Wildlife photography DOES impact birds’ breeding

The feeding frequency of five bird species in the morning with photographers absent (grey column) and present (blue column).

image: The feeding frequency of five bird species in the morning with photographers absent (grey column) and present (blue column).
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Credit: Guangxi Key Laboratory of Forest Ecology and Conservation, Guangxi University, China.

Capturing candid photos of birds in their natural habitat has become an increasingly popular activity globally. And photographing birds and their young in their nests offers photographers a fascinating glimpse into avian family life.

According to Xiaocai Tan, an ornithologist and PhD candidate at Guangxi University in China, this focus on birds’ nests has worried scientists, who are concerned that the close proximity of humans to the nesting sites might negatively impact bird reproduction.

However, in a study published in the KeAi journal Avian Researchshe and her colleagues discovered that quite the opposite is true.

She explains: “Nonggang is a limestone tropical forest region in southern China. We noticed a sharp increase in the number of bird photographers visiting the area following the discovery of the Nonggang Babbler species there in 2008. These photographers were typically setting up their cameras close to the nests of a wide variety of bird species, as they knew that the parents would either be brooding their eggs, or returning to feed their young. This gave them the perfect opportunity to take great, and even award-winning photos.”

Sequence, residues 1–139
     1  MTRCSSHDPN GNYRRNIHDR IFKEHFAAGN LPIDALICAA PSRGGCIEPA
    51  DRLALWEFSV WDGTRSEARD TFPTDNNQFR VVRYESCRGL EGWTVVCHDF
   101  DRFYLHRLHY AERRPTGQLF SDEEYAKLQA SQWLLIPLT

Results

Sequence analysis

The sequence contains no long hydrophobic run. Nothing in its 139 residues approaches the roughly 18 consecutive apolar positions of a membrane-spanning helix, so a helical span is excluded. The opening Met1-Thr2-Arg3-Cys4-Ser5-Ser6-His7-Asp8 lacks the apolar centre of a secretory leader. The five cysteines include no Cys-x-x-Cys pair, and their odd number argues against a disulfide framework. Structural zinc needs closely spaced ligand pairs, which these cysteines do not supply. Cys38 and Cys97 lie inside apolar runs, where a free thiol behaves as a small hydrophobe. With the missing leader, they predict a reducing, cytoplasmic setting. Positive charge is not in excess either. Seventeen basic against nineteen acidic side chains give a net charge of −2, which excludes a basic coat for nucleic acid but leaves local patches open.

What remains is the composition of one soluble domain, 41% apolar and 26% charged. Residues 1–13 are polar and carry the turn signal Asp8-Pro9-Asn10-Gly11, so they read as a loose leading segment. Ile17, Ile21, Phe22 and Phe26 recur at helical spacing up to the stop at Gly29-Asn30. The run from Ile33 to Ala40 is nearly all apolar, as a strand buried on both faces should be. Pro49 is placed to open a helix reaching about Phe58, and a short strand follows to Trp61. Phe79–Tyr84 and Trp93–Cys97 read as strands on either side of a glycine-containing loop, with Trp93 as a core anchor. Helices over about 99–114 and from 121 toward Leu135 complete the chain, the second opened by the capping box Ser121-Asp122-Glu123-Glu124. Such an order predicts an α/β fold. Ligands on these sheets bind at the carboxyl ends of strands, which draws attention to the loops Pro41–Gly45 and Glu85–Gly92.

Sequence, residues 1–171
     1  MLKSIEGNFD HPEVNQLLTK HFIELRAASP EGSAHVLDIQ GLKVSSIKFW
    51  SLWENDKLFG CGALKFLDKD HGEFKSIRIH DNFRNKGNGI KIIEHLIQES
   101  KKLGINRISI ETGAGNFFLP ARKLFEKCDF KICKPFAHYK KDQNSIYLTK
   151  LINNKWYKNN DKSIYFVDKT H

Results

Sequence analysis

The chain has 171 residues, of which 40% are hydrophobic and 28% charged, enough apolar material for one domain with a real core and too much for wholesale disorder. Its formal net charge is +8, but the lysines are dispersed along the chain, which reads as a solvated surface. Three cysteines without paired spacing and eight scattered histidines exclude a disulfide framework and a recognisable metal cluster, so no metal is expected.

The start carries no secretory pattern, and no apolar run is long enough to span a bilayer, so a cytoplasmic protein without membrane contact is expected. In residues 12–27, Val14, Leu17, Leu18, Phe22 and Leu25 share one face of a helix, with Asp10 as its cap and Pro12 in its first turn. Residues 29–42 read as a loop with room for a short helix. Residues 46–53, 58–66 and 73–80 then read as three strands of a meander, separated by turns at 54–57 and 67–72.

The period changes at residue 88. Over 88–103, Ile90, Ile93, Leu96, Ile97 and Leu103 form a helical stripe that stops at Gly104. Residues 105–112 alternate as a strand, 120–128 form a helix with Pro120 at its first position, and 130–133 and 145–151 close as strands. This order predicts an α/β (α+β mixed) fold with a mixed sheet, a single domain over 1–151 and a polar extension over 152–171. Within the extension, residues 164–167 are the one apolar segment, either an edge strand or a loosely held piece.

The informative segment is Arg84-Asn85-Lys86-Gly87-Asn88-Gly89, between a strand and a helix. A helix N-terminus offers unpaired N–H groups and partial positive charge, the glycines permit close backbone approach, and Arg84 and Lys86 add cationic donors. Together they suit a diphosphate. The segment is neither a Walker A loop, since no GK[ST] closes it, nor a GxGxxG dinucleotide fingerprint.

Tan and her colleagues decided to study the effect of these photographers on the birds’ nesting habits – specifically, nest predation and parental feeding rates. They knew that nest predators, including other birds, mammals and reptiles, were killing around 60%, and sometimes up to 75% of the ‘nestlings’ in the region, including the young of the globally vulnerable Nonggang Babbler.

During the study, which involved 12 months’ field work and the checking of 277 bird nests covering 42 species, the team discovered that the predation rate of nests that were photographed (13.3%), was significantly lower than the rate seen in unphotographed nests ( 62.9%).

Tan adds: “In other words, the presence of the photographers increased the survival rate of the bird nestlings. Interestingly, their presence had little effect – positive or negative – on the feeding rates in those nests.”

According to Aiwu Jiang, the investigator who led the study, this finding is totally contrary to what most scientists had expected. He says: “Like a scarecrow, the presence of photographers seems to scare the nest predators away. Other research we’ve conducted in the same area shows that the presence of traffic noise can draw away birds’ mammalian predators.”

He adds: “Although this finding suggests that photography has a positive impact on the successful breeding of birds, it doesn’t mean that we are encouraging photographers to visit nest sites – there needs to be further assessment of other aspects of nesting, and other kinds of stress responses, before the total effect of bird photography can be understood.”

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Contact the corresponding author: Aiwu Jiang, aiwuu@163.com

The publisher KeAi was established by Elsevier and China Science Publishing & Media Ltd to unfold quality research globally. In 2013, our focus shifted to open access publishing. We now proudly publish more than 100 world-class, open access, English language journals, spanning all scientific disciplines. Many of these are titles we publish in partnership with prestigious societies and academic institutions, such as the National Natural Science Foundation of China (NSFC).


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